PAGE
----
Keynote speakers – Scientific Method

The main keynotes were given on the top floor. Arrived only on Tuesday afternoon, I missed Monday keynote lecture with Kevin O’Regan: Constructing space: A theoretical basis for how naive artificial or biological agents can construct spatial notions . A couple of early friends informed me that although O’Regan is a quite prolific author, this presentation wasn’t that great. There is plenty to catch up online anyway. On Tuesday was Vittorio Gallese important keynote on Embodied Simulation and the Space around us. He explained the main concept of inter- and extra-personal space used by a lot of authors that week.

The first keynote I attended was quite enlightening on the scientific methodology developed by psychologists. Yan Bao, associate professor from Peking University, explained step by step what is “attention” and how does it work through human’s eyes. To do so, she scientifically answered one very specific question by doing one very specific experiment. From there, a new question arise that lead to the next experiment that will bring a new answer and suggest the following question, and so forth. She presented a cascade of 12 studies based on a cueing task, mainly to demonstrate the effect of “Inhibition of Return”; the ecological significance of this mechanism being that it favours novelty and curiosity.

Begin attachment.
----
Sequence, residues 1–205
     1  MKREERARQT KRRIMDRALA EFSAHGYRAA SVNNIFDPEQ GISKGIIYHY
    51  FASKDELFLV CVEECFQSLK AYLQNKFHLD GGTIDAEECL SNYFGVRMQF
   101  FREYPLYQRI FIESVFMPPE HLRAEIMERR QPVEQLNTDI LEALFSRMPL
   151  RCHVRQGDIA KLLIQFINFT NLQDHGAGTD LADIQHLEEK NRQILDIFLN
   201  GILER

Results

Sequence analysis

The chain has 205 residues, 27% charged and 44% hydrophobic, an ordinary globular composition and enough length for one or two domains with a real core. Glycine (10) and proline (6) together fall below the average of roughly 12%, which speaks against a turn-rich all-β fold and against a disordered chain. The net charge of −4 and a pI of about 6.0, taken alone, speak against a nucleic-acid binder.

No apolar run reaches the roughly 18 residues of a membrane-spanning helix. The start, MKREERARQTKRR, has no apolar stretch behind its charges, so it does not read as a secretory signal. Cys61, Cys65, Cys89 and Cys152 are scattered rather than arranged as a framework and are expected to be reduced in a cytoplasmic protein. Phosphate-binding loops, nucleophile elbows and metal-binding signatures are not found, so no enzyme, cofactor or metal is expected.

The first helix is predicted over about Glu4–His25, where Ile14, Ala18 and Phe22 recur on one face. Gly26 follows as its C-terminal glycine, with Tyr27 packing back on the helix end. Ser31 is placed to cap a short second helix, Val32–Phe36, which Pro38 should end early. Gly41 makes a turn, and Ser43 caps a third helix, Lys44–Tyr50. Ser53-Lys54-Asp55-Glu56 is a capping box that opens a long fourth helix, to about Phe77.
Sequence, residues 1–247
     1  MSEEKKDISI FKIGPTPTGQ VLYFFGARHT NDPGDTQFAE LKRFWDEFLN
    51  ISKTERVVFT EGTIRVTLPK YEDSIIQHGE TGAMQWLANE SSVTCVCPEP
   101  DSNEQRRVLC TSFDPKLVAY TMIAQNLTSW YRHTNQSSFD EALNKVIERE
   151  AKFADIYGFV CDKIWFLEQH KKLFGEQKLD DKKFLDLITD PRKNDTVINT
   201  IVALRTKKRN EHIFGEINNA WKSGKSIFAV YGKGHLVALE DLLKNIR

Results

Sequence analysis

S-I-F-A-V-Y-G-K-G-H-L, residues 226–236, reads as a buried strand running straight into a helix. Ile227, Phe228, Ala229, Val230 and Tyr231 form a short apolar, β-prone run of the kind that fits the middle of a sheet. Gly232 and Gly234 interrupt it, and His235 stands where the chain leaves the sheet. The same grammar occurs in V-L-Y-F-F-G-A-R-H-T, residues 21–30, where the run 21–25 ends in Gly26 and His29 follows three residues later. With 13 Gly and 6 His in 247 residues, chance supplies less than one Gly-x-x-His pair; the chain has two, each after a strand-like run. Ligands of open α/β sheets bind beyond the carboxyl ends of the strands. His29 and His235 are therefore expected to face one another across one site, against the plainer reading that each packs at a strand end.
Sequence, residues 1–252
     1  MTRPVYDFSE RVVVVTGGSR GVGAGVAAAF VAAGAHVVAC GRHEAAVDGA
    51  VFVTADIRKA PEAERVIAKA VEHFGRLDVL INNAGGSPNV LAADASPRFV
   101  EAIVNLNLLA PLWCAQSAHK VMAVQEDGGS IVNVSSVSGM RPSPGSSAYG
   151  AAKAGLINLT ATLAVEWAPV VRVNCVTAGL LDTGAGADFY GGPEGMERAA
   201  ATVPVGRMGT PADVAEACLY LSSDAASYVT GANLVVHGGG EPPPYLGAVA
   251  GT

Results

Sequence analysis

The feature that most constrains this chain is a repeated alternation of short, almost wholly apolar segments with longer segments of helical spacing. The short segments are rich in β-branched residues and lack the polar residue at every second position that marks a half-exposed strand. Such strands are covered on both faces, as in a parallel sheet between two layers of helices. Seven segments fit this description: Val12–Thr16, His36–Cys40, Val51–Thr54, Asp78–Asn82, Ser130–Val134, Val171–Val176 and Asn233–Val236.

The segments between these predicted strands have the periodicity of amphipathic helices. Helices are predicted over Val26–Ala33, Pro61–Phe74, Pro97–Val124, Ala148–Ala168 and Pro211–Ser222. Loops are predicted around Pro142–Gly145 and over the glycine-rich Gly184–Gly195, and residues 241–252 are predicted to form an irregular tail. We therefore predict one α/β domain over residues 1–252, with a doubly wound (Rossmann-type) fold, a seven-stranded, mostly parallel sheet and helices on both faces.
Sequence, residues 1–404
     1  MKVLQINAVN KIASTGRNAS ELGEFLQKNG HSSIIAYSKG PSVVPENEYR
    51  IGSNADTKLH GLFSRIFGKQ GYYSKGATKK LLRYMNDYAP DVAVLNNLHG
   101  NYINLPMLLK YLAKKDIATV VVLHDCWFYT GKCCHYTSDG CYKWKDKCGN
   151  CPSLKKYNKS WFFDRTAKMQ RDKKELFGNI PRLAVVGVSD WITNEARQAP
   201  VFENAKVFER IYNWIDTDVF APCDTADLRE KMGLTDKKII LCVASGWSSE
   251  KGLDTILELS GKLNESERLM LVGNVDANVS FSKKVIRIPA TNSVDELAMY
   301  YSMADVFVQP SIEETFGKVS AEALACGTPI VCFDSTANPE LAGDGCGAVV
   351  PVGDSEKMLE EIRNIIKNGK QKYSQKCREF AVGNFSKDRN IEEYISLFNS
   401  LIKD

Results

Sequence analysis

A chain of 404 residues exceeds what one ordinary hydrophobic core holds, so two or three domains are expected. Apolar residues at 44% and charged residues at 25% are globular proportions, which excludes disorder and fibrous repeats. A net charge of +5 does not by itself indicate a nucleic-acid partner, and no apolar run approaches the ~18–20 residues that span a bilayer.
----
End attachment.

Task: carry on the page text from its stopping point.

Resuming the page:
The next keynote, Inter-subjective relations in lived space and instituted space was given by Shaun Gallagher, an interesting fellow American philosopher. He is actually working with astronauts, trying to understand their feelings in space travel using Virtual Reality. Where it really pumped me up was when he started to talk about how architecture shapes our experience and how we can modulate the way we are experiencing things by modifying our environment. He also coined a powerful concept which is the “affordance landscape”. I will follow him closely.


My favourite lecture was given by Sergei Gepshtein on Solid field of sensitivity: Perceptual structure of immersive space. He works with two well known people, Alex Mc Dowel and Greg Lynn. Alex Mc Dowel was the art producer behind the Minority Report interface and many other film productions. Greg Lynn represent the avant garde of the digital turn in architecture in the nineties with the concept of folding and topological geometry. After a quick reminder of what is the “perspective” we’ve been living by since the 15th century (thanks to Alberti’s “The Pictura”), Gepshtein went on to explain how he is working to change this paradigm; to get past the restriction of this portable window. Their project uses different techniques to go from cinema to immersion by creating maps that can be transferred in solid space: sensory mapping, multi modal design, adaptive smart environment, mixed realities are just a few of the concept mentioned during this really exciting lecture.